How to Set Up an iPad for Seniors
The first iPad was released a little over a decade ago. Since then, Apple has employed numerous upgrades, versions, features, apps, and accessibility options for all sorts of users. It's safe to say that this technology has revolutionized modern life to a considerable extent. Every kid born in the last decade has used the iPad and similar devices as if it were a natural instinct. However, setting up an iPad for seniors is a whole different ballgame.
See, things weren't always the way they are right now. Previous generations from the late twentieth century have been baffled by the rapid technological advancement in recent years. The integration of the iPad and similar devices as a right hand in our lives is standard for us, but not for them.
Just like we all find handwritten letters an alien concept, the senior community feels the same about iPads. It's nobody's fault that they struggle to save a contact number or watch a YouTube video.
But this is nothing to worry about. The iPad is designed to make life easy for users of all ages. If you can change the settings and functions a bit, senior users will find the iPad easy to use. Yes, that’s right. We said easy.
Here's how to set up an iPad for seniors so they can actually use it with ease and efficiency.
Setting Up an iPad for Seniors Using Accessibility Settings
Let's go through the basic accessibility options we have on the iPad. Open the Accessibility tab in the Settings menu to make the iPad more adjustable for the user. The Accessibility features on the iPad have improved a lot since the initial phase. From poor eyesight to hard hearing, there are amazing Accessibility settings that can transform the user experience.
These settings, some of which we discuss below, can bring out the iPad's most prominent and useful features. Seniors don't need to use a number of apps, and the built-in apps of the iPad itself are quite adaptable to the Accessibility settings. This includes reading apps, health monitors, social media, and even camera applications.
1. Zoom and Magnify
Let's start with the Zoom and Magnifier. Here, you can make some changes in the zoom and magnification of the device operations. Your beloved senior friend can choose how clearly the screen is visible at certain settings. Several apps have smaller icons and buttons, which are rather tricky to use. With these two at your disposal, you can help the user access such areas with more confidence.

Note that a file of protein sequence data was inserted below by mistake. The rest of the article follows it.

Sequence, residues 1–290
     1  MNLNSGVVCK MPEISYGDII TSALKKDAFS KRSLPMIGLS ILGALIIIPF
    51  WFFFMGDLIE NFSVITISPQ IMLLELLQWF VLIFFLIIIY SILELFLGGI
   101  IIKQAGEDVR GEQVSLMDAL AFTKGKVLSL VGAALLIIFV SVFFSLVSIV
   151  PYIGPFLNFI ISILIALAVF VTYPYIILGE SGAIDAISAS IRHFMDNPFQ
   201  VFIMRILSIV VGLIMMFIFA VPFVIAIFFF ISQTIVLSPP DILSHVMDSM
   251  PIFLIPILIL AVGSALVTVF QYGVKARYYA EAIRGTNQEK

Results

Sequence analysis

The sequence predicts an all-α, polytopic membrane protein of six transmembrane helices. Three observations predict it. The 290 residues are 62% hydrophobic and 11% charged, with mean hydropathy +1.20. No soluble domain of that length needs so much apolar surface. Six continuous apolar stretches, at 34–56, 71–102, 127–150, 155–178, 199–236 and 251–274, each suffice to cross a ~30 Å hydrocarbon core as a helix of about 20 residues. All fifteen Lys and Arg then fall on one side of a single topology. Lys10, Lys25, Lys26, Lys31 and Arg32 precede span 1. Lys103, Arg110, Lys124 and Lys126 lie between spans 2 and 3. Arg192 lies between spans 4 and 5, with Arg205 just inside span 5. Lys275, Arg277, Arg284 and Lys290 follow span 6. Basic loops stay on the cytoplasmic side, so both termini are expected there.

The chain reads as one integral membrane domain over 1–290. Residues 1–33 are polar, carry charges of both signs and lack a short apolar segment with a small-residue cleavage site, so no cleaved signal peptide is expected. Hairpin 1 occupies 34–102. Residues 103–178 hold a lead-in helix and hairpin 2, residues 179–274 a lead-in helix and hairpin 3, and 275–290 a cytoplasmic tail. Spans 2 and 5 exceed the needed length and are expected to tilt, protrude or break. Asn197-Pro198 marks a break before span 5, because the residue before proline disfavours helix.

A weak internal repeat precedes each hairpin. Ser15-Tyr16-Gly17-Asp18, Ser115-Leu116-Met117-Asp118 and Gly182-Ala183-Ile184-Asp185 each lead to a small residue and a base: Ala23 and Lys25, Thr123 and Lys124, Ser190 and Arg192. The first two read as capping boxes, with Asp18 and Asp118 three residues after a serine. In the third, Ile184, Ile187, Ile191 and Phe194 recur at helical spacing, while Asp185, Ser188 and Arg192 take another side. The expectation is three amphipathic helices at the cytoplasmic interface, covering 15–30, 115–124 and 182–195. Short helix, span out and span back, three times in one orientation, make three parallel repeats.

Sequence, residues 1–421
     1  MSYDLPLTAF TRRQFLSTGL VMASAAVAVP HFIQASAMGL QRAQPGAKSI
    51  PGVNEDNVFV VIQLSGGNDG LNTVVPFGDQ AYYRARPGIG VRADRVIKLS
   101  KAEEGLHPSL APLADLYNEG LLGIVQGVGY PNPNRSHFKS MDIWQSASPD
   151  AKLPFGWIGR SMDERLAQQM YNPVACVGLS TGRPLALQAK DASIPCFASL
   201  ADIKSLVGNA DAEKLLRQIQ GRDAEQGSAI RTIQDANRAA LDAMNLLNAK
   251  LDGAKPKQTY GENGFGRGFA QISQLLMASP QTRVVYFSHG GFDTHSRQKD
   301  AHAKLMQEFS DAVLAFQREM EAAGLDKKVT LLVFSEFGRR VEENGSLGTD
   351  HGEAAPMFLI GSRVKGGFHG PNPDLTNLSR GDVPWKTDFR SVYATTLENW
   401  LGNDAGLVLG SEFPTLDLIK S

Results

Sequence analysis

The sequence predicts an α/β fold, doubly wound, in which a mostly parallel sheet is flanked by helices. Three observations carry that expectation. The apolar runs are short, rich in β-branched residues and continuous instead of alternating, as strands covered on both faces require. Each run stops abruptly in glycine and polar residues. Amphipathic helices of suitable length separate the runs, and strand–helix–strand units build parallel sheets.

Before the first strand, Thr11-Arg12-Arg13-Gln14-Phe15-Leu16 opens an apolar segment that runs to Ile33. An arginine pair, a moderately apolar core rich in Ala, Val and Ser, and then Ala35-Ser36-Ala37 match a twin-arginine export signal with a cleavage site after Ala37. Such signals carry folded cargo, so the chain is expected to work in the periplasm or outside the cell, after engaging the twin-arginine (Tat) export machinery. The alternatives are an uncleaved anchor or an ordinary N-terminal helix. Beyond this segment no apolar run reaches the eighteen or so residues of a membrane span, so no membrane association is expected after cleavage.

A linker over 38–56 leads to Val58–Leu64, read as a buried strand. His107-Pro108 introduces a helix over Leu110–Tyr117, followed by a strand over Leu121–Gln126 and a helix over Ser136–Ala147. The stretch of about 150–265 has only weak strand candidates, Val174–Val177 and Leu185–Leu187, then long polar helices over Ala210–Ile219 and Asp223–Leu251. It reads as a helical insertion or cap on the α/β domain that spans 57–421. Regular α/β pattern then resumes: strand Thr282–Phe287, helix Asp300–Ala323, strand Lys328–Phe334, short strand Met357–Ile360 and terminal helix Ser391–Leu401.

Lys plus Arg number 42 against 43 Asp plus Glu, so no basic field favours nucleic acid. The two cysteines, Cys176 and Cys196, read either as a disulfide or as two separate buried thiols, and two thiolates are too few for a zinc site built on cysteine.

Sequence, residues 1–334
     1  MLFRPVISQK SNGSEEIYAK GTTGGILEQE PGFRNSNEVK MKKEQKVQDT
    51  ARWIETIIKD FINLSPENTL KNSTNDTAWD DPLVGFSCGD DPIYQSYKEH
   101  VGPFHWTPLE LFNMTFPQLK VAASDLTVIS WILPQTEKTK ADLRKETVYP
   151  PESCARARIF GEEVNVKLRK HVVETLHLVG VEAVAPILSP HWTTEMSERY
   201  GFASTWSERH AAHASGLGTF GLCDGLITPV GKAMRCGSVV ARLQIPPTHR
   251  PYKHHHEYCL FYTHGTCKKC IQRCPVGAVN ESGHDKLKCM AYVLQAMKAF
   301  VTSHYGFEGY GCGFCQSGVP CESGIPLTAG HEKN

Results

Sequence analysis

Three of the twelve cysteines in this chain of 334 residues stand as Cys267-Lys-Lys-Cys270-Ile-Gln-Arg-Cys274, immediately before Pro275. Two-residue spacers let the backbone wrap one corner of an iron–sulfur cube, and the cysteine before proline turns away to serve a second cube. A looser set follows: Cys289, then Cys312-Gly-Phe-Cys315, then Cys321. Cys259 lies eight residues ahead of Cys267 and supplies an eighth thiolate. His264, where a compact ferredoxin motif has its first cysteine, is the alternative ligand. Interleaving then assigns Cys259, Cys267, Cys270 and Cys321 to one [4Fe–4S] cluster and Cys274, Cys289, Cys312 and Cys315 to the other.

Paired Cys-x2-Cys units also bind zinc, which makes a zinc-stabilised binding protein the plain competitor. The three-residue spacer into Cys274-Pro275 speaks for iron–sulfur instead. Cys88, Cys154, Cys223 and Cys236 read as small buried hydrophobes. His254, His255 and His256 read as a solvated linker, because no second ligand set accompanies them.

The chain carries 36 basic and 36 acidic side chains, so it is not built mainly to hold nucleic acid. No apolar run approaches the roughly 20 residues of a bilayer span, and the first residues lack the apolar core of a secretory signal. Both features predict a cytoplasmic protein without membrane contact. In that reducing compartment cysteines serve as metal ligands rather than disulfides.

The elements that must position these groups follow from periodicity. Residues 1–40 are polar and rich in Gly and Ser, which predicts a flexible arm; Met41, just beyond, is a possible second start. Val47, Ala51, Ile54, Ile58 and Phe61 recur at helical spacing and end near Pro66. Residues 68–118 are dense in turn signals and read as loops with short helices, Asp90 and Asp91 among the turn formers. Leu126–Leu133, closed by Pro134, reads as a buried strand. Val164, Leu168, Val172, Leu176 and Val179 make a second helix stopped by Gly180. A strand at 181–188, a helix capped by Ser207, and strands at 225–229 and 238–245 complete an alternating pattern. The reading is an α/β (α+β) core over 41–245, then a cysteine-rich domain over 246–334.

2. Increase or Reduce the Contrast
You can adjust the contrast in order to assist seniors with some sort of age-induced, disabled eyesight conditions. The increase and decrease in the contrast makes sure that the screen has balanced and perfectly viewable visuals. Accessing the media gallery, such as photos and videos, is a lot easier with the right contrast balance.
3. Voice Commands
Speech input and output are also pretty commendable and useful in helping out senior iPad users. This is ideal for those who can't read or see very well and need a vocal assistant for guidance. From feeding numbers to hearing out on Kindle, these Accessibility features are quite handy for seniors.
4. Improve the Text Size
It would be no less of a nightmare if your great-granduncle messed up entering a password ten times in a row. Luckily, the text adjustment options in the Accessibility menu are quite practical for all-rounded use in an iPad. You can enhance the text size to make the text more readable.
While we're able to read tiny pop-ups without a pause, it's not the same with our parents and grandparents. You can enable the Larger Text Sizes and select the ones that your parents or grandparents are okay with. There's also an option to bold the text of the software. These features help to space out and highlight texts, particularly on a crowded screen or in far corners.
5. Reducing Transparency
Reducing transparency of the background improves the ability to focus on and work with relevant icons, by darkening the background as shown in the picture below. Reducing the transparency of the irrelevant screen area is a great Accessibility feature, especially for those with shaky fingers or blurred vision. This way, you cancel out this risk of accidentally tapping the wrong areas.
6. Touch Accommodation
Another remarkable feature is the Touch Accommodation in the Accessibility menu. If the person using the iPad has shaky fingers, it can be quite challenging to navigate a touchscreen. The shakier someone's hand is, the more they're likely to tap multiple times in multiple places.
The Touch Accommodation feature makes the user's touch more detectable despite the shakiness. You can select exactly how the iPad should detect the touch. For instance, you can figure out which touch to finalize and proceed with. This gives you two choices. You can choose to opt for the very first tap and ignore the next multiple taps. Or your senior can choose to keep tapping unless they drag their finger to the correct place.
On the whole, this feature works like a charm and saves senior users from excessive tapping and aggressive tapping.
7. Guided Access
With the Guided Access Accessibility feature, you can set up the entire iPad to support senior's use. This feature locks an app with a passcode so that the person using doesn't accidentally navigate elsewhere. You can set up a timer which locks the app interface in the center of the screen. This bottom left corner offers features such as keyboard etc. which you can customize before locking the app. Tapping the Home button or trying to lock the screen, nothing works unless you enter the passcode.